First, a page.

Wayne Dye

Wayne Dye

Sports legends named to hall

The Okanagan Hall of Fame will induct seven world-class athletes, one builder and one national championship team Nov. 23.

The Okanagan Hall of Fame will induct seven world-class athletes, one builder and one national championship team, in a luncheon Nov. 23 at the Schubert Centre.

Vern Dye, who helped found the Vernon Junior A hockey franchise and the B.C. Junior Hockey League, and his son, Wayne, named Vernon’s Athlete of the Century in 2000, will enter the shrine posthumously.

Major League baseball slugger Kevin Reimer, hockey star Larry Kwong, the first person of Chinese descent to play in the NHL, downhill skier Rob Boyd, rhythmic gymnast Camille Martens and swimming brothers Gary and Steven Vander Meulen will also be inducted.

The Vernon Lakers, who won back-to-back Centennial Cup Junior A hockey titles from 1989-91, will join the shrine.

Tickets to the luncheon are $25 and will be available next week at the Ticket Seller inside the Vernon Performing Arts Centre.

The Hall of Fame, resurrected through the auspices of Greater Vernon Museum curator Ron Candy, last held an induction ceremony almost 20 years ago.

The original Hall of Fame was founded by Nick Alexis in 1982, opening at Jubilee (Cenotaph) Park. Vandalism to the shrine in 1997 forced former chairman Chris Nelson to pack up the contents and search for a safer site.

Directors Dennis Bristow (now retired from the committee) and Kevin Mitchell, with the help of their family members, and graphic artist Nancy Wilde, held nightly work bees for months and put up 15 attractive display cases at the Multiplex (now Wesbild Centre) in 2002.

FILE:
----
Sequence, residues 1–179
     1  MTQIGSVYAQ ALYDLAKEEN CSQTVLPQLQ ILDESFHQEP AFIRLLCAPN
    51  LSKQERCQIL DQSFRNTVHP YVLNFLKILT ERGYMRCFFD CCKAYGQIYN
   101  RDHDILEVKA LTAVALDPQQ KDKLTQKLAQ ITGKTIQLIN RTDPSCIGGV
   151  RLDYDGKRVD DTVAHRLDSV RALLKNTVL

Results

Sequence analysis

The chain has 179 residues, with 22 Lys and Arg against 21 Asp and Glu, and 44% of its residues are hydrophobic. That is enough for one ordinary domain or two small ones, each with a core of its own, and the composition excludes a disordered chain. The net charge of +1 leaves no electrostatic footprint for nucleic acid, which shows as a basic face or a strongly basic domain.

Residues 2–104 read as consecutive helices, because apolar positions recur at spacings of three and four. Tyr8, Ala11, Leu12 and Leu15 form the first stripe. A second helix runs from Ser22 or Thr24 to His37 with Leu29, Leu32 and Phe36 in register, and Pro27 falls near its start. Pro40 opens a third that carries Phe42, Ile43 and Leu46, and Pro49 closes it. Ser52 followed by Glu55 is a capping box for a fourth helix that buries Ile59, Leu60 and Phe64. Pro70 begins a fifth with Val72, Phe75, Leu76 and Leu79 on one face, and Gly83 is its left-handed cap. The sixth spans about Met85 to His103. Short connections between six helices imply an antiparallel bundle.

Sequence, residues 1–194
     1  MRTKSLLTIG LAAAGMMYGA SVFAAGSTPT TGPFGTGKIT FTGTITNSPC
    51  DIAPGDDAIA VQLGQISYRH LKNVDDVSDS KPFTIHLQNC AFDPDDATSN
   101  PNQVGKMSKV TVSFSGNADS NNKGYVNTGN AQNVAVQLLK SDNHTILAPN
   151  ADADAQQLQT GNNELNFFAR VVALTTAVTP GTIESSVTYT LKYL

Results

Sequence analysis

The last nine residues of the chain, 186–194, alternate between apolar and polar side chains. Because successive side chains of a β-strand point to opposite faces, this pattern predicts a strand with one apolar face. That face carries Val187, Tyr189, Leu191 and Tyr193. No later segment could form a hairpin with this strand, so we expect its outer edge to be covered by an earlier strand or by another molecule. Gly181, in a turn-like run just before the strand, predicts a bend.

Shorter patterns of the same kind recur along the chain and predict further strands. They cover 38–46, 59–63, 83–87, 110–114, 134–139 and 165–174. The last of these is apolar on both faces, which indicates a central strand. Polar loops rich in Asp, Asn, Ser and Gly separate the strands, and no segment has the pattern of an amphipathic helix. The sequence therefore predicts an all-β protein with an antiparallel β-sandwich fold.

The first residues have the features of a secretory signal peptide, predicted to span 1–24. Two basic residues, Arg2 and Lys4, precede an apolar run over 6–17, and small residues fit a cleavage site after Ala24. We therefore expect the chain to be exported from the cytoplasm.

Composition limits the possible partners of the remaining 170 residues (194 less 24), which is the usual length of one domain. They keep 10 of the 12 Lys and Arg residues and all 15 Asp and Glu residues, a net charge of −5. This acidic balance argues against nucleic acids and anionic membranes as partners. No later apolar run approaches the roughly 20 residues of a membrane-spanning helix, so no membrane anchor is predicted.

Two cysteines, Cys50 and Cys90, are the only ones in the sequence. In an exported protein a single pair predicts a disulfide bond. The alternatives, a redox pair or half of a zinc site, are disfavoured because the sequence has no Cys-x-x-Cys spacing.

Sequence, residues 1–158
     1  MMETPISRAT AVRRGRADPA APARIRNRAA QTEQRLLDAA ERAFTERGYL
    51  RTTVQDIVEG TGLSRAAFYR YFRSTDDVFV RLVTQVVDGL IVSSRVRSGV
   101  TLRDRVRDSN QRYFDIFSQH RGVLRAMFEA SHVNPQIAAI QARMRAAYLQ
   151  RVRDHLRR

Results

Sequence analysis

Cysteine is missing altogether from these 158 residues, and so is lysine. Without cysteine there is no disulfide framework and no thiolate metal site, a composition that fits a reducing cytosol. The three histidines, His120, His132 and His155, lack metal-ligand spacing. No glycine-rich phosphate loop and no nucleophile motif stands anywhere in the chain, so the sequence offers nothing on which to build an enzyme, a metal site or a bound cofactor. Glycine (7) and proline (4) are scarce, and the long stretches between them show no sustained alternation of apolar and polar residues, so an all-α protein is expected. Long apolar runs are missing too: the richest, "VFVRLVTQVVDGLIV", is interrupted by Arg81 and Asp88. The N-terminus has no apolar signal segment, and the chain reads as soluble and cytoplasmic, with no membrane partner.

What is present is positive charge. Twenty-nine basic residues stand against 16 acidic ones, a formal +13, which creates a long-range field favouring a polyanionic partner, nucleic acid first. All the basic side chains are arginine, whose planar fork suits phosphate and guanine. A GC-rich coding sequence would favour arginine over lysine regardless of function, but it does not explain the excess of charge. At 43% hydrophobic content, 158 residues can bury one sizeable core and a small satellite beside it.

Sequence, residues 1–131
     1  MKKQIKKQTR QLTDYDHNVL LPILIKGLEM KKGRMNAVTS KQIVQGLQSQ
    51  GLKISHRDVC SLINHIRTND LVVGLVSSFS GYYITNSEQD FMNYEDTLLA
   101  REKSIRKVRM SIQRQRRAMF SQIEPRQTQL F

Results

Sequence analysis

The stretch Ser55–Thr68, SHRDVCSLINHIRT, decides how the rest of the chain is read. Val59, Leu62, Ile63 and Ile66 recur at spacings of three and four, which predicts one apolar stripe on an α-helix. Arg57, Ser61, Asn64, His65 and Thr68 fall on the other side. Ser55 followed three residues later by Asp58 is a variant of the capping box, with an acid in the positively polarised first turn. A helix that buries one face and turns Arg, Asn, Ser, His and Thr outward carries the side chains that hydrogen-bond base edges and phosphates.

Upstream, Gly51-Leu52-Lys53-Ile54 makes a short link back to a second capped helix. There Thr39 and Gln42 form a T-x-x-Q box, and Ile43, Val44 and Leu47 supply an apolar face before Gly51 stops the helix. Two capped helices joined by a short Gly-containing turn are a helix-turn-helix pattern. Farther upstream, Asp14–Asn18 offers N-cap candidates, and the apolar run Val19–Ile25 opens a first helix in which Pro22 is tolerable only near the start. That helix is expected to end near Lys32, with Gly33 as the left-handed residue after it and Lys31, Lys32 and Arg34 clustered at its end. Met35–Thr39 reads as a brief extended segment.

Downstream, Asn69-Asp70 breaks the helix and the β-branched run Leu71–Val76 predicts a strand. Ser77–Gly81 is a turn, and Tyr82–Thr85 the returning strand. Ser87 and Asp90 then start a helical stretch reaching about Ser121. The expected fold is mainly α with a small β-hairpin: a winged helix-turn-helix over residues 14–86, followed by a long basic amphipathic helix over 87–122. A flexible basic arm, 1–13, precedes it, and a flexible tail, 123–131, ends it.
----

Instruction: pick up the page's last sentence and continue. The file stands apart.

Candy and staff will be updating the displays on an ongoing basis. The committee will ask new inductees to donate memorabilia.

“We’re seeking local sponsors to ensure the induction ceremony at least breaks even,” said Mitchell.

“We’re planning a professional slide show and we’re going to honour local members of the 1956 Allan Cup (senior hockey) championship Vernon Canadians by paying for their tickets.”

Chad Soon, a school teacher who recently spearheaded the North American premiere showing of The Lost Years, featuring a segment on Kwong, is doing most of the sponsorship work for the upcoming event.

Also new to the shrine committee, which also includes retired sports fan Stu Robertson, is Roger Knox of The Morning Star, a former Vernon radio sportscaster with a love of local sports history, and Donna Hall, a community volunteer.

 

 

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